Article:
Atherosclerotic plaques in coronary arteries may be more aptly described as pimples, initiated by the infiltration of cholesterol into the lining of our arteries. The ending—should blood flow to our heart muscle be cut off by a clot formed by the rupture of one of these inflamed pockets of pus in our arterial lining—is a heart attack.
Cholesterol-induced zits in the lining of our coronary arteries can also occur in other blood vessels. In our head, they can cause a stroke (see my other videos on strokes). In our back, they can cause degenerative disk disease (Cholesterol and Lower Back Pain). In our abdomen, they can cause an aneurysm (Abdominal Aortic Aneurysms: Ticking Time Balloons), and in our pelvis, they can cause sexual dysfunction in both men (Atkins Diet: Trouble Keeping It Up) and women (Cholesterol and Female Sexual Dysfunction). Thankfully, Avoiding Cholesterol Is A No Brainer; see Heart Attacks and Cholesterol: Purely a Question of Diet. Trans fat, saturated fat, and cholesterol should be kept to a minimum; see Trans Fat, Saturated Fat, and Cholesterol: Tolerable Upper Intake of Zero. Check out my other videos on heart disease.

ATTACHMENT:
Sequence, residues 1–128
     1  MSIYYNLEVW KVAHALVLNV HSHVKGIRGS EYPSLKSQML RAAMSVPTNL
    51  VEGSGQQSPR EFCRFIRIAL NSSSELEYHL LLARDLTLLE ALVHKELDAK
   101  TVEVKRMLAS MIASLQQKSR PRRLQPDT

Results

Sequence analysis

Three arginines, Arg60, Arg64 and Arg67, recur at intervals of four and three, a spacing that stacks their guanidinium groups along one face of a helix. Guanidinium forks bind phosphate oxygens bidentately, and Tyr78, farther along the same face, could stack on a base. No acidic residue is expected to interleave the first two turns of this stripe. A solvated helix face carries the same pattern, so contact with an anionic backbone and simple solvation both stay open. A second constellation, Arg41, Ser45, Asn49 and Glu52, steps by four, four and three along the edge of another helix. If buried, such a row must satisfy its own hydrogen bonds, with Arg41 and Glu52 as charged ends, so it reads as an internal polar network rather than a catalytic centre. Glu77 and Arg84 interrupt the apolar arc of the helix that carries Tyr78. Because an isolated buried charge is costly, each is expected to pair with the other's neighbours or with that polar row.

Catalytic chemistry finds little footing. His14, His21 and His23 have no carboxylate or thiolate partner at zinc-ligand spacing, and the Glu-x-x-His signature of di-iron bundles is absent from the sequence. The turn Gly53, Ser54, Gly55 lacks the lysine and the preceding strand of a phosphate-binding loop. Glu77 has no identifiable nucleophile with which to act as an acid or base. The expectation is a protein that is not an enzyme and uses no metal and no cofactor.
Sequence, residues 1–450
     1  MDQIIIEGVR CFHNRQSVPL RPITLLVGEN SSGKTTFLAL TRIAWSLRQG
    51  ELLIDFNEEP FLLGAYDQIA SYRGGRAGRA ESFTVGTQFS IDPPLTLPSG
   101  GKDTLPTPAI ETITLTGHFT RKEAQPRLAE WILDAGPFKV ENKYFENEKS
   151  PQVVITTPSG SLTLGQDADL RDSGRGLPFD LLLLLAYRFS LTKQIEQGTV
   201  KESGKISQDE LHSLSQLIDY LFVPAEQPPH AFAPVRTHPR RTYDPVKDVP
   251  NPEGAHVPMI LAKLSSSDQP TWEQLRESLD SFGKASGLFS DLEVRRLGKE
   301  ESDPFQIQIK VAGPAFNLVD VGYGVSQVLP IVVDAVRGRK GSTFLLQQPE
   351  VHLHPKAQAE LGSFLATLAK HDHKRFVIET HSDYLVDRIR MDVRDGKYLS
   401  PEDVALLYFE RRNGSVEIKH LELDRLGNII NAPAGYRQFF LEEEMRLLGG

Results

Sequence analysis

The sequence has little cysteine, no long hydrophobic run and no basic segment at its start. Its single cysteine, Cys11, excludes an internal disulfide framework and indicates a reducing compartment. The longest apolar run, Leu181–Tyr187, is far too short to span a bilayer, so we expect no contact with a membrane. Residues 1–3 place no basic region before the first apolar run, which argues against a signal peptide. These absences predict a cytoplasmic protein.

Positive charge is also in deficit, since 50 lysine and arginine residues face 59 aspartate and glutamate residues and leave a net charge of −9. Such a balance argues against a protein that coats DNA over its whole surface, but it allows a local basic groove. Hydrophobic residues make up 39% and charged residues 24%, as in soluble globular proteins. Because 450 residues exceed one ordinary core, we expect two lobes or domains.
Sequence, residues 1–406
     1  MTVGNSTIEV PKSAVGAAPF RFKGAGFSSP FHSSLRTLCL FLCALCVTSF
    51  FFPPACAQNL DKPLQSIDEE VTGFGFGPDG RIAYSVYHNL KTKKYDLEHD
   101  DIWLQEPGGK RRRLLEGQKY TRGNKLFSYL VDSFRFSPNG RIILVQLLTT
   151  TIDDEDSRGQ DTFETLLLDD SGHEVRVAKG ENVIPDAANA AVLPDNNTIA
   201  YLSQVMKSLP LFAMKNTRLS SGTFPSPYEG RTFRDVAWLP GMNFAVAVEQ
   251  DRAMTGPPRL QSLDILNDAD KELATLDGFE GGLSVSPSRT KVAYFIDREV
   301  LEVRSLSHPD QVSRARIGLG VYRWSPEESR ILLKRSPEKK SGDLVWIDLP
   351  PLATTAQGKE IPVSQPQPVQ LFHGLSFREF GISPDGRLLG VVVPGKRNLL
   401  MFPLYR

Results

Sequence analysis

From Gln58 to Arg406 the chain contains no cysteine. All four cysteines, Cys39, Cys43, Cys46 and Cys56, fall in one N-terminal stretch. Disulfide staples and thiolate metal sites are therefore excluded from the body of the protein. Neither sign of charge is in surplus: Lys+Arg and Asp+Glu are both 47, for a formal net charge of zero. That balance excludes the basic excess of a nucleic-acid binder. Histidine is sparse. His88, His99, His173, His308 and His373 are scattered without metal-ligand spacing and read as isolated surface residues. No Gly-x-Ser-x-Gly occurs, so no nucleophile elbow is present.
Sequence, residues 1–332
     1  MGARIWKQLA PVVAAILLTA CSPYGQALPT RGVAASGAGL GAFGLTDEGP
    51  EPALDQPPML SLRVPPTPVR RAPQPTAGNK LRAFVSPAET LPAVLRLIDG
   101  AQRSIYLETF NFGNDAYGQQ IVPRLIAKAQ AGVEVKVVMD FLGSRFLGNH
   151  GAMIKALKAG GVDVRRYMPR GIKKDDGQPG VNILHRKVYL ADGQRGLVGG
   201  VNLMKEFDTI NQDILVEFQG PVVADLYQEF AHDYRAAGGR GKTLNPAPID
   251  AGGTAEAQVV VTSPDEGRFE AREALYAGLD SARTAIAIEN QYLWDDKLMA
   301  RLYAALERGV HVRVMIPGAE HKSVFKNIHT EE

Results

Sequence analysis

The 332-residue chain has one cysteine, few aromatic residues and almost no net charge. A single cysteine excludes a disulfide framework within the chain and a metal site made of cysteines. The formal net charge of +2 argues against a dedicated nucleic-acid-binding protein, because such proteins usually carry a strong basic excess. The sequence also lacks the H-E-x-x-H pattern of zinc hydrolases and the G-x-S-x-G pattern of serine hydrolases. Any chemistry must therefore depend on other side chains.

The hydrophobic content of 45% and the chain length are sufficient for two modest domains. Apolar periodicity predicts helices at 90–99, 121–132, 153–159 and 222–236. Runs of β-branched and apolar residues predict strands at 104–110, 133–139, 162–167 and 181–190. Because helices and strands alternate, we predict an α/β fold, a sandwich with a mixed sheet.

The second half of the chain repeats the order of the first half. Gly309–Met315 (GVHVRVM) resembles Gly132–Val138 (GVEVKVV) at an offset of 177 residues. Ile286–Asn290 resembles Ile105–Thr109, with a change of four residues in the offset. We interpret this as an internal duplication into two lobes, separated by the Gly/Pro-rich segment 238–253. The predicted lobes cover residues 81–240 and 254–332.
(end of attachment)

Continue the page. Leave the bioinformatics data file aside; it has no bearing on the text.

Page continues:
Also, be sure to check out my associated blog posts for more context: The Most Anti-Inflammatory Mushroom; Stool Size and Breast Cancer Risk; Plant-Based Diets for Rheumatoid Arthritis; Avoid Carnitine and Lethicin Supplements.